Something interesting is afoot this weekend. I’m attending a beginning workshop in Shamanism.
“What?” you might ask. “Does she think she’s Native American?”
Nope. It turns out that many cultures have shamanistic features. And, there’s a “name” in shamanism–Michael Harner–he’s brought shamanism forward in our Western culture. Here’s what the Foundation for Shamanic Studies website says:
Core shamanism consists of the universal, near-universal, and common features of shamanism, together with journeys to other worlds, a distinguishing feature of shamanism. As originated, researched, and developed by Michael Harner, the principles of core shamanism are not bound to any specific cultural group or perspective. Since the West overwhelmingly lost its shamanic knowledge centuries ago due to religious oppression, the Foundation’s programs in core shamanism are particularly intended for Westerners to reacquire access to their rightful spiritual heritage through quality workshops and training courses.
Here in the US, we sometimes mistake “religion” for “spirituality.” The sad fact is that many religions fail us mightily because they’re more focused on fundraising than on providing real spiritual food. More interested in rules than in helping us live better lives.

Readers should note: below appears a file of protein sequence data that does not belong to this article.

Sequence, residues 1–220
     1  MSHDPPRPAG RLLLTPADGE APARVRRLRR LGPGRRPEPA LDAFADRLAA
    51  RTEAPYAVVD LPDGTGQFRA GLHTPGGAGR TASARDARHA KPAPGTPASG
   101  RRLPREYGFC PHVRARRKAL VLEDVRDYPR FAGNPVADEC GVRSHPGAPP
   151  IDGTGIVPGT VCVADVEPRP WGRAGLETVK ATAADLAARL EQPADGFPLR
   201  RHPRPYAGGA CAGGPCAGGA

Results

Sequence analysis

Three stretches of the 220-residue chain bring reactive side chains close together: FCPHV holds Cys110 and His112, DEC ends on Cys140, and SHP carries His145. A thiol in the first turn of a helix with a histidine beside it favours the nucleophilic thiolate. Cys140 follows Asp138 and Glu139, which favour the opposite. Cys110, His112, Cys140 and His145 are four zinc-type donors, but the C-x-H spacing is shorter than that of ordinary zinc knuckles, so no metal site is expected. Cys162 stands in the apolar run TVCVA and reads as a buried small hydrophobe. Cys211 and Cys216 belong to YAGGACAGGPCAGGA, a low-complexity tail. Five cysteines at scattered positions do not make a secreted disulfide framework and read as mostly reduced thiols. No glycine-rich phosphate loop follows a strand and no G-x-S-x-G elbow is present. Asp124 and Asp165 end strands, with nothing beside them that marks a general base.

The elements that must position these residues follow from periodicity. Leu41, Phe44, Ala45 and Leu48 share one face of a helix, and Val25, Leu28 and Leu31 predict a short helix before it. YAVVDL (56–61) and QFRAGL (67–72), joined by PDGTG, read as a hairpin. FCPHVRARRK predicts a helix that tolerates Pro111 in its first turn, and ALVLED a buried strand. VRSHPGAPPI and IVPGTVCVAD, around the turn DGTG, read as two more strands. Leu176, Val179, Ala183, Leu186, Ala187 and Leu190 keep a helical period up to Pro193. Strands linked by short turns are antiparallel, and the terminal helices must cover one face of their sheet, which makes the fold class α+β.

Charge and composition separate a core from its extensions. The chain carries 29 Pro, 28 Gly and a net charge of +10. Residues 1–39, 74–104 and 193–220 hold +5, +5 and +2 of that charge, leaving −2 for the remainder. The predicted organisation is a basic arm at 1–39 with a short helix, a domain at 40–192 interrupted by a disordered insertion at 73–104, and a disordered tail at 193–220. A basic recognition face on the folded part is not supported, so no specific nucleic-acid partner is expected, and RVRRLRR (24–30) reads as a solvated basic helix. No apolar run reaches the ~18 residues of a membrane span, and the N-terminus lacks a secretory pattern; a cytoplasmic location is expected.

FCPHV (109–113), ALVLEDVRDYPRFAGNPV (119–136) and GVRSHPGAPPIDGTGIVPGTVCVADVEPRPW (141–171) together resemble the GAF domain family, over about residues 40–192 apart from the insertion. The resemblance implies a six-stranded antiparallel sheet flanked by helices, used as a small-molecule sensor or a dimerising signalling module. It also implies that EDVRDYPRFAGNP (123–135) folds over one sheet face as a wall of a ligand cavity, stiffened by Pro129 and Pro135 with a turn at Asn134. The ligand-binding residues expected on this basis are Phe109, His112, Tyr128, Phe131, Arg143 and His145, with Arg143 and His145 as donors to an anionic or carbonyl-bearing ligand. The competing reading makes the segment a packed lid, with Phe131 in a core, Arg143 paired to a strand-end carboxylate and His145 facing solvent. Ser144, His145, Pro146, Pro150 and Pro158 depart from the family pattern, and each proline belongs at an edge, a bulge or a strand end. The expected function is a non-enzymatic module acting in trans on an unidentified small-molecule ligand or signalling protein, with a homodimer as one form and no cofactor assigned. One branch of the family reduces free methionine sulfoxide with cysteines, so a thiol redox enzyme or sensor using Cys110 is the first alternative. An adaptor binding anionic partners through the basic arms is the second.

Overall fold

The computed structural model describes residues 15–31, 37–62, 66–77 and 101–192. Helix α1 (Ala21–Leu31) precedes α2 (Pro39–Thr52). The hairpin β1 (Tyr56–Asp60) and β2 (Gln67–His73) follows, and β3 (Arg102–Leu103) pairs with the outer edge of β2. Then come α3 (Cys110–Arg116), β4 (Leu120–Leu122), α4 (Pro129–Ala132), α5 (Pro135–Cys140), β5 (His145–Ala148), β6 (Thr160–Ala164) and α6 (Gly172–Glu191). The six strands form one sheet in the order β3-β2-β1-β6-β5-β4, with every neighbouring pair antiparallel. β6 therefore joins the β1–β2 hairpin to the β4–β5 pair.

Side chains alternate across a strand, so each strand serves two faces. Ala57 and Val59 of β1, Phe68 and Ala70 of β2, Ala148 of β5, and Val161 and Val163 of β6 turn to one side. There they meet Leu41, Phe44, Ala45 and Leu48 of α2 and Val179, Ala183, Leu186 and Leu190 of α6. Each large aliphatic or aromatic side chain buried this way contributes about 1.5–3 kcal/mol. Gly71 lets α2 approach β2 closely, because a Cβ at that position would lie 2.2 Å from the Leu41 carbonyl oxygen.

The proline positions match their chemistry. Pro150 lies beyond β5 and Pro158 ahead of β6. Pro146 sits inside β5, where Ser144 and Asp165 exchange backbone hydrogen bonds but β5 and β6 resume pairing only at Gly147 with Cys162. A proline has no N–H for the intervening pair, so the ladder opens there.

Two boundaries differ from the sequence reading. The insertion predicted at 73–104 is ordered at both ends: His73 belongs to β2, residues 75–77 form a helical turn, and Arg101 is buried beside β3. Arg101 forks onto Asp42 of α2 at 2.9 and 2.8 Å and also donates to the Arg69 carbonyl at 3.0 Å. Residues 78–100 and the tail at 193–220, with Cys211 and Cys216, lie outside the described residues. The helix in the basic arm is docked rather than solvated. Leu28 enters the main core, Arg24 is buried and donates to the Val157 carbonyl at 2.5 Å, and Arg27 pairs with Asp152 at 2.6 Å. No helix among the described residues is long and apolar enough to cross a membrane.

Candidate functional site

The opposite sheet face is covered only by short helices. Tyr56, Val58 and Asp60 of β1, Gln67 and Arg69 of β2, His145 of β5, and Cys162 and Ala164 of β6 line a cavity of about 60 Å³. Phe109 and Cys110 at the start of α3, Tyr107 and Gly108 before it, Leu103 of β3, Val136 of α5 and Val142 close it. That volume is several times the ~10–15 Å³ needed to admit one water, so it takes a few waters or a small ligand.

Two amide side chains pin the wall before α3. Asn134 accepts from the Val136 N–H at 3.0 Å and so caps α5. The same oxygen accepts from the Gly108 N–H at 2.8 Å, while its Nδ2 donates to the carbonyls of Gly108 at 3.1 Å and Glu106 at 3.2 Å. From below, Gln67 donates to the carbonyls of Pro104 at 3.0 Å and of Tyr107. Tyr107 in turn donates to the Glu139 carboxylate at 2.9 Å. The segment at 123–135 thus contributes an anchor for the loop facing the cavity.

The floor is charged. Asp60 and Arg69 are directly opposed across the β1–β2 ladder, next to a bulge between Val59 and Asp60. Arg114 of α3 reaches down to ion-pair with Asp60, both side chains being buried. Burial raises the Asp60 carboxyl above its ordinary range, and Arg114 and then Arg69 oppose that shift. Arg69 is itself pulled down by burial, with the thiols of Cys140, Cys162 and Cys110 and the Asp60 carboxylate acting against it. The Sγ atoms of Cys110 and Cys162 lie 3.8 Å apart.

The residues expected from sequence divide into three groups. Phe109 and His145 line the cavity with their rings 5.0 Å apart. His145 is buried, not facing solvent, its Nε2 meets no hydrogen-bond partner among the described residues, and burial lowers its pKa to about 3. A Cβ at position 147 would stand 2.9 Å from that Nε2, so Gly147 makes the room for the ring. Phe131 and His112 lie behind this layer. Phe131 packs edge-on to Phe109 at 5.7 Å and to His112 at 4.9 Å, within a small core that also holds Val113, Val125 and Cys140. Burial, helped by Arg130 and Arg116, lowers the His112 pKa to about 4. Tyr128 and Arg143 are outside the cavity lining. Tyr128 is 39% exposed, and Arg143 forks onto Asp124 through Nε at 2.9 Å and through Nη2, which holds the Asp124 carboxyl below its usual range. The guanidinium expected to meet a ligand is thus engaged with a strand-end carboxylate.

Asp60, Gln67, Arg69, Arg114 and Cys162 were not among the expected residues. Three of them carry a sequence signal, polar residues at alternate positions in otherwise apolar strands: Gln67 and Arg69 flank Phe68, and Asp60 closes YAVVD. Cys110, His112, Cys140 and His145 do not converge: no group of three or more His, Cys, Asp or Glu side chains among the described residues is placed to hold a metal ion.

The shaman is in touch with nature, in touch with healing and in touch with the Divine Source–all things that interest me. When I heard about shaman and anthropologist Michael Harner, I wanted to learn more.
Who is he? HERE is some info about Michael Harner.
I hope to travel to invisible worlds this weekend.
It might surprise you to learn that I’m not a stranger to shamans and shamanic journeying.
If you don’t know what that is, neither did I at first. Shamanic journey takes us beyond reality to invisible worlds. If we’re lucky, we gain access to information that will help us make changes in our lives. It’s spiritual food rooted in long-ago traditions.
I took my first shamanic drumming journey in Utah almost 10 years ago. A Native American shaman guided me and she was excellent. Her drumming was hypnotic and I did journey–which is basically “tripping” without drugs. It was powerful. A few years later when I tried again, nothing happened, maybe because I wasn’t feeling well. And at the Afterlife Conference, shamans taught us a few beautiful rituals and helped us journey. In that large group, I was disappointed that I didn’t journey very well. There were too many distractions, including chatter by an audio guy who was seated a few rows behind me. But I’ve always wanted to repeat the kind of experience I had the first time.
So, when I found a weekend intensive–the basic workshop–just half an hour away, I signed up. I’m not sure if I’ll continue shamanic studies–I might. Or I might not.
Right now, I’m packing my shaman bag with the items we were told to bring. A rock. A bandana. A blanket. Warm socks. A rattle or drum if you have one (I don’t, so I’ll borrow). As you read this, I might well be deep into a drumming journey. Hope so.
I’ll report my experiences in a future post.
Aho! (which is used in prayers and means thank-you or amen in Lakota)